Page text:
It seems to me that José Vasconcelos has found a formula on pessimism and optimism that not only defines the feeling of the new Ibero-American generation in the face of the contemporary crisis, but also corresponds to the absolute mentality and sensibility of an era in which, despite the thesis of José Ortega y Gasset on the “disenchanted soul” and “the twilight of revolutions,” millions of people are working with mystical courage and a religious passion to create a new world. “Pessimism of reality, optimism of the ideal,” is Vasconcelos’s formula.
“Do not ever conform, always be above and beyond the moment,” writes Vasconcelos. “Reject reality and fight to destroy it, not for a lack of faith but by an excess of faith in human capabilities and the firm conviction that evil is never permanent nor justifiable, and that it is always possible and feasible to redeem, purify, improve the collective condition and the private conscience.”
The attitude of people who intend to correct reality is certainly more optimistic than pessimistic. They are pessimistic in their protest and in their condemnation of the present, but they are optimists in their hope for the future. All great human ideals have started with a denial, but they also have been an affirmation. Religions have always perpetually represented this pessimism of reality and optimism of the ideal that this Mexican writer is now preaching to us.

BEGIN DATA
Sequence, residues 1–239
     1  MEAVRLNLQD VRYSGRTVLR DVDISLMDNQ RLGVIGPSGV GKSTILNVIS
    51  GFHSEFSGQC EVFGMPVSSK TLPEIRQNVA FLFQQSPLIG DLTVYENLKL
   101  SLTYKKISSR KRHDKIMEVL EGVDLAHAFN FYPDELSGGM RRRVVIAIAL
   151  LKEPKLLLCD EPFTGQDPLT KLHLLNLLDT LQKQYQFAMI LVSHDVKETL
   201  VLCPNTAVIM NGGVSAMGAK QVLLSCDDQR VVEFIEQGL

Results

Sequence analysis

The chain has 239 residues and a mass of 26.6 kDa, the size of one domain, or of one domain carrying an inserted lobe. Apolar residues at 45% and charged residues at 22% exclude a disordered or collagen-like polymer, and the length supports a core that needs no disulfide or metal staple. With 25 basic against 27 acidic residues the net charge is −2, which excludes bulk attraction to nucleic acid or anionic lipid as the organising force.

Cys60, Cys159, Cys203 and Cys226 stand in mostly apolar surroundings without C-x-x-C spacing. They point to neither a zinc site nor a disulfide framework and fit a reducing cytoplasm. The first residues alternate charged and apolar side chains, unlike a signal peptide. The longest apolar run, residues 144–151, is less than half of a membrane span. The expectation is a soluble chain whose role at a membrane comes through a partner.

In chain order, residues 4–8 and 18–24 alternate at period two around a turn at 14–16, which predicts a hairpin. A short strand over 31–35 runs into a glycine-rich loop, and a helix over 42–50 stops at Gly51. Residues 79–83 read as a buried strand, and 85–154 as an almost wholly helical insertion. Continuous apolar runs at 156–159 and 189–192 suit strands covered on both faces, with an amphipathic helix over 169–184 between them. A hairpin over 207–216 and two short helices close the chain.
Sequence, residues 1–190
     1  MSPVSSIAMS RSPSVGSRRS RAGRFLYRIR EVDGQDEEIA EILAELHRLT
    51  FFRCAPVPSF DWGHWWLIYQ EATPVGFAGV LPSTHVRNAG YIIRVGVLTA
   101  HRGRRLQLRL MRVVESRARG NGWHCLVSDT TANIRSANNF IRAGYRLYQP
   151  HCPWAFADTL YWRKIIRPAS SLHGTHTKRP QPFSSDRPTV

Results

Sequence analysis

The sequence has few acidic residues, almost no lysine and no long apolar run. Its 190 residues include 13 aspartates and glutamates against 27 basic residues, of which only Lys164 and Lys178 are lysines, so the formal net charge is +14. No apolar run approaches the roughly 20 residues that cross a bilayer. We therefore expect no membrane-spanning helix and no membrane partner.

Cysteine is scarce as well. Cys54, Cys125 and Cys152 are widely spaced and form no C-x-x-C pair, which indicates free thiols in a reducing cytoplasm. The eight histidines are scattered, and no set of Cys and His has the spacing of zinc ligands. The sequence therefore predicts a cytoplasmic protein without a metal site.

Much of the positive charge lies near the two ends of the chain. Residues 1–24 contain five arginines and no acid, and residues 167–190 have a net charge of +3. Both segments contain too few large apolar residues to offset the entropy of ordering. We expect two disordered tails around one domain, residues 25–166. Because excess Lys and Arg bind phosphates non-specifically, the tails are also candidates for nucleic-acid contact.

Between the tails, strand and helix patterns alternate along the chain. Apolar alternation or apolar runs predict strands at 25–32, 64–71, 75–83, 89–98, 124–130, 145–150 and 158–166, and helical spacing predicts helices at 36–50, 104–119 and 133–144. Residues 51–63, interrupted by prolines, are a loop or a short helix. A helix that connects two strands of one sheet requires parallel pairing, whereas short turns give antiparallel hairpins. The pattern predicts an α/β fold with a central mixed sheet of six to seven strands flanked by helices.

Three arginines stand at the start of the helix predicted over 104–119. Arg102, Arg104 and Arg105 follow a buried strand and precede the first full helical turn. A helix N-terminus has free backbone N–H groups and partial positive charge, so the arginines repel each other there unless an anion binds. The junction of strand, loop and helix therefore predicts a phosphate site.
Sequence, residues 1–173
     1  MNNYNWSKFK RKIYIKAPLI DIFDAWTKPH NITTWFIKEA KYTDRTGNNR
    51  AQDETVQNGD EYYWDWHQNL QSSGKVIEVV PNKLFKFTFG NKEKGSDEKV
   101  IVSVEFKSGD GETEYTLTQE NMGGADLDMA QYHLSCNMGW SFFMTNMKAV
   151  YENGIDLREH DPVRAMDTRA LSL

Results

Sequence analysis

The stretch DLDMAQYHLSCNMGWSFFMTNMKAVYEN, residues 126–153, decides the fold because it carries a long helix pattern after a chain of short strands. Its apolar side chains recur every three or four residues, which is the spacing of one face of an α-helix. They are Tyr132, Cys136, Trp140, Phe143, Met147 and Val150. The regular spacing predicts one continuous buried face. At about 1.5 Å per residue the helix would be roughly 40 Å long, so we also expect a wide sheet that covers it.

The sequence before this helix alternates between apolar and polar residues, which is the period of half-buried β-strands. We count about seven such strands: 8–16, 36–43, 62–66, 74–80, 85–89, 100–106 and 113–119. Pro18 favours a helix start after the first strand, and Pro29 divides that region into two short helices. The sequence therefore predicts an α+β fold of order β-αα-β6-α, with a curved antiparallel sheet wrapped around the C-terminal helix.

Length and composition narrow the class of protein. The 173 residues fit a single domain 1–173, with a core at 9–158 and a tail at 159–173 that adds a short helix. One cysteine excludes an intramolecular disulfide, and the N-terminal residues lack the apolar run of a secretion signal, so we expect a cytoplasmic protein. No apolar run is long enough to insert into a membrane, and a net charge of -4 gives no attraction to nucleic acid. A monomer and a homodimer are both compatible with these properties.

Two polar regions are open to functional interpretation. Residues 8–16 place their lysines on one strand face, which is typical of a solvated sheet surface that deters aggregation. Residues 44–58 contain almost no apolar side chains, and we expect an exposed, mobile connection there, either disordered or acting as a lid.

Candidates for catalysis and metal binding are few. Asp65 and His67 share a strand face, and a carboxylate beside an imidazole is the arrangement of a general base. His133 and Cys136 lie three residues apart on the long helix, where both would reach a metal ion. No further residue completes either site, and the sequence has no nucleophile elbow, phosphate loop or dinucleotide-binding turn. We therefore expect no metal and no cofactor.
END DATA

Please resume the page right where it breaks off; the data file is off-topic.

We are not content with mediocrity, let alone do we settle for injustice. We are often described as pessimistic, but, in truth, pessimism dominates our spirit much less than optimism. We do not believe that the world should be fatal and eternally as it is. We believe that it can and should be better. The optimism we reject is the easy and lazy Panglossian optimism of those who think we live in the best of all possible worlds.
There are two kinds of pessimists, just as there are two kinds of optimists. The exclusively negative pessimist is limited to gestures of helplessness and hopelessness, the misery of things and the vanity of effort. That person is nihilistic and melancholy, waiting for the final disappointment. As Artzibachev said, “The extreme limits.” Fortunately, this kind of person is not common. This type belongs to a strange hierarchy of disenchanted intellectuals who are also a product of a period in decline or of a people in collapse.
Among the intellectuals, it is not uncommon that a simulated nihilism is a philosophical excuse for refusing to cooperate in any great effort of renovation or as a means to explain their disdain for any mass work. But the fictional nihilism of this type of intellectual is not a philosophical attitude. It is reduced to a hidden and artificial disdain for the great human myths. It is an unacknowledged nihilism that does not dare to come to the surface of the work or life of a negative intellectual, who approaches this theoretical exercise as a solitary vice. The intellectual, nihilistic in private, is likely to be a public member of an anti-alcohol league or a protector of animals. Their nihilism is only intended to guard and defend themselves from the great passions. In the face of petty ideals, the false nihilist behaves with the most vulgar idealism.